As a deadly virus which infects people who have loveless sex sweeps Paris, a lonely pariah attempts to steal a potent antidote, only to fall for the mistress of his partner-in-crime. Is the infectious young love the cure to the bad blood?
Paris by night. Alex, 22, wants to become a filmmaker. He is fascinated by first times and his girlfriend, Florence, has just left him for his best friend, Thomas. First break-up, first ... See full summary »
A young writer becomes intrigued with a mysterious dark-haired woman who claims to be his long-lost sister and he begin an unusual relationship with her prompting a downward spiral involving his domineering mother and lovely fiancée
Winter, 1915. Confined by her family to an asylum in the South of France - where she will never sculpt again - the chronicle of Camille Claudel's reclusive life, as she waits for a visit from her brother, Paul Claudel.
In 1997, for it's fiftieth anniversary, the Cannes Film Festival asked Leos Carax for a short film, a kind of postcard addressed to the festival, in which the director would give news of himself and of his film project "Pola X".
Set against Paris' oldest bridge, the Pont Neuf, while it was closed for repairs, this film is a love story between two young vagrants: Alex, a would be circus performer addicted to alcohol and sedatives and Michele, a painter driven to a life on the streets because of a failed relationship and an affliction which is slowly turning her blind. The film portrays the harsh existence of the homeless as Alex, Michele and Hans, an older vagrant survive on the streets with their wits. As they both slowly get their lives back together, Michele becomes increasingly dependent on Alex as her vision deteriorates further. Fearing that Michele will leave him if she receives a new medical treatment Alex attempts to keep Michele practically a prisoner. The streets, skies and waterways of Paris are used as a backdrop to the story in a series of stunning visuals which dominate the film.Written by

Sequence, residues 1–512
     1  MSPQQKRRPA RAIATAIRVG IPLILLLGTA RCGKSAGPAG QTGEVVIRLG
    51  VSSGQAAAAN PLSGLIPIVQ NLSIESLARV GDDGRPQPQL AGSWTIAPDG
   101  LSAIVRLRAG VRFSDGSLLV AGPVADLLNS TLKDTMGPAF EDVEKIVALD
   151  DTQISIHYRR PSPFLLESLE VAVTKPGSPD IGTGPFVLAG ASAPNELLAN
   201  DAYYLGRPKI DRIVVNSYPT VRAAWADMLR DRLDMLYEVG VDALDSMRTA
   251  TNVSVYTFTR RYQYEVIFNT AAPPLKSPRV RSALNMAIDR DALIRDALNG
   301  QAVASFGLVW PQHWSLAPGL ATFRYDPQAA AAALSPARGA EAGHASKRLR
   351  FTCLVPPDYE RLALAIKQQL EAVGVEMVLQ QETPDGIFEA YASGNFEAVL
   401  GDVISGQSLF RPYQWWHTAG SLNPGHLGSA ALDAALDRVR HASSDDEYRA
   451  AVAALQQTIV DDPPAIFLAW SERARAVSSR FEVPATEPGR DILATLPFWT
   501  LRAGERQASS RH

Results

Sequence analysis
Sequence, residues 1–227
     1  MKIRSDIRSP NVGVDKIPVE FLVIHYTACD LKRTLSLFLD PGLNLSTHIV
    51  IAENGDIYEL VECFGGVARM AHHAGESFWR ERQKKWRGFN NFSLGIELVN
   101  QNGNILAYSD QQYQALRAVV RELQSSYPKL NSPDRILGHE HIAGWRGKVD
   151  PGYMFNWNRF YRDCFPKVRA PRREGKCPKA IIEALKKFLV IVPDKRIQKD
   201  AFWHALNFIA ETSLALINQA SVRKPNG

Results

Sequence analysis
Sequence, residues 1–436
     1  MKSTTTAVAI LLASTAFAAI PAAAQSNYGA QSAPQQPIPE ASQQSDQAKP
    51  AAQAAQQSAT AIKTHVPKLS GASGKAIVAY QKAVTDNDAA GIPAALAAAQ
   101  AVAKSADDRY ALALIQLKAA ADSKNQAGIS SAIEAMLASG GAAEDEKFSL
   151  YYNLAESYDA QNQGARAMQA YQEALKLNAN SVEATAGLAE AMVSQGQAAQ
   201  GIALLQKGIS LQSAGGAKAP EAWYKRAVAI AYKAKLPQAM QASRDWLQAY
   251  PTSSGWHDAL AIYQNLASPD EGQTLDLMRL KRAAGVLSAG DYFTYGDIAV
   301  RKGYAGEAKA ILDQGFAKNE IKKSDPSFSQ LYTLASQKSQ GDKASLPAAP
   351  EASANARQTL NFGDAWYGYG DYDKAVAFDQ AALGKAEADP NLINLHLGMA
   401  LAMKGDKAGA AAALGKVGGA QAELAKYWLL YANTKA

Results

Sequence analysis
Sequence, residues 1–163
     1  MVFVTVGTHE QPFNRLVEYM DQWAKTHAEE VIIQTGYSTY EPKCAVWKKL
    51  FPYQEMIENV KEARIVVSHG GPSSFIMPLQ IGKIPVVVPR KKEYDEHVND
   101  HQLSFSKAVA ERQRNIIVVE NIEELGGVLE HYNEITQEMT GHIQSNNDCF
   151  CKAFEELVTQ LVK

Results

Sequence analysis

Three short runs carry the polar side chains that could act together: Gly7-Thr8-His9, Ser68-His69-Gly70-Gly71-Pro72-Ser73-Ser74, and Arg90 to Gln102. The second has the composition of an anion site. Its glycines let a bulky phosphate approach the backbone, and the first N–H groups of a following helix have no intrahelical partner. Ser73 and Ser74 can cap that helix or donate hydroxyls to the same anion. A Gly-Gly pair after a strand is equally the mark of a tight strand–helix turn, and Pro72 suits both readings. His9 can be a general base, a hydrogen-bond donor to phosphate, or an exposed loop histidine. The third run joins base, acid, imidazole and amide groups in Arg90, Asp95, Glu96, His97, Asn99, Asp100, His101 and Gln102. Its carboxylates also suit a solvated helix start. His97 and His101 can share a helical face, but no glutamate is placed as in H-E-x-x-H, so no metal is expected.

Leos Carax was originally given permission to use the real Pont-Neuf bridge in Paris and have it closed for filming but delays in filming meant the permission expired and he had to reconstruct the whole thing on a lake near Montpellier, France. The construction of a new version of the Pont-Neuf - and its surrounding buildings in Paris - helped make the film of the most expensive French films ever made. See more »
My dreams sent me. People in dreams, ought to call them when you wake. Make life simpler. "Hello, dreamed of you. Love woke me".
See more »
After the last end title, during a fraction of a second, there is a handwritten inscription "à Luje - Amour - A." (To Luje - Love - A.) A. stands for Alexandre (Leos Carax' real first name) and Luje for Juliette (Binoche). See more »
Oddly enough, "Les Amants du Pont-Neuf" reminded me of Francis Ford Coppola's own romantic extravaganza, "One From the Heart." Think about it: both were directed by cinematic wunderkinds; both went way over budget and had troubled productions; and both were, at their hearts, rather simple love stories that their directors inflated, rather perversely, into massive technical undertakings.
On that level, at least, "Les Amants..." works. The movie is filled with striking images -- the fireworks display as seen from Pont-Neuf, the flaming posters lining the walls of the Metro, and so on. It is not at all inaccurate to call this one of the most stunningly photographed films of all time.